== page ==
Spinosaurus (meaning "spine lizard") is a genus of theropoddinosaur which lived in what is now North Africa, sometime during the Albian and Cenomanianstages of the Cretaceousperiod, about 112 to 93.5 million years ago. This genus was first known from Egyptianremains discovered in the 1910s and described by German paleontologistErnst Stromer. These original remains were destroyed in World War II, but additional skull material has come to light in recent years. It is unclear whether one or two species are represented in the described fossils. The best known species is S. aegyptiacus from Egypt, although a potential second species, S. marocannus, has been recovered from Morocco. The distinctive spines of Spinosaurus, which were long extensions of the vertebrae, grew up to 2 meters (7 ft) long and were likely to have had skin connecting them, forming a sail-like structure, although some authors have suggested that they were covered in muscle and formed a hump or ridge. Multiple functions have been put forward for this structure, including thermoregulation and display. According to recent estimates, Spinosaurus is the largest of all known carnivorous dinosaurs, even larger than Tyrannosaurus rex and Giganotosaurus. These estimates suggest that it was around 16 to 18 meters (52 to 59 ft) in length and 7 to 9 tonnes (7.7 to 9.9 short tons) in weight. (Read more...)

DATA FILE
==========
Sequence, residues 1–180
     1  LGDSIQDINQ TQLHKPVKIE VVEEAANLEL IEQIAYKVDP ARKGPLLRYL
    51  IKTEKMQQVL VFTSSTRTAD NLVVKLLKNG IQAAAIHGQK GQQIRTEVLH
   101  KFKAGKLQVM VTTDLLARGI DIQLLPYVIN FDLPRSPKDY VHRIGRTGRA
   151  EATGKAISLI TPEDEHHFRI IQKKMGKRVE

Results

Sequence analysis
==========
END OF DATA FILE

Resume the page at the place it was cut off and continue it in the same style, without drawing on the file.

... that Irritator is only known from a skull that was badly obscured by plaster which was added by the commercial fossil-collecting fossil-poachers who illegally sold it in hopes of making the fossil look more complete and valuable?
... that rhynchosaurs had unique teeth that were modified into broad tooth plates?
... that a trackway produced by an unknown crocodyliform that measured approximately 12 meters in length was uncovered in the Galve region of Spain?
"The head was as long or longer than that of a fully grown grizzly bear, and the jaws were deeper in proportion to their length. The muzzle was shorter and deeper than that of a bull-dog. The teeth were all sharp cylindric fangs, smooth and glistening, and of irregular size. At certain distance in each jaw they projected three inches above the gum, and were sunk one inch into the jaw margin, being thus as long as the fangs of a tiger, but more slender. Two such fangs crossed each other on each side of the middle of the front. Besides the smaller fishes, the reptiles no doubt supplied the demands of his appetite."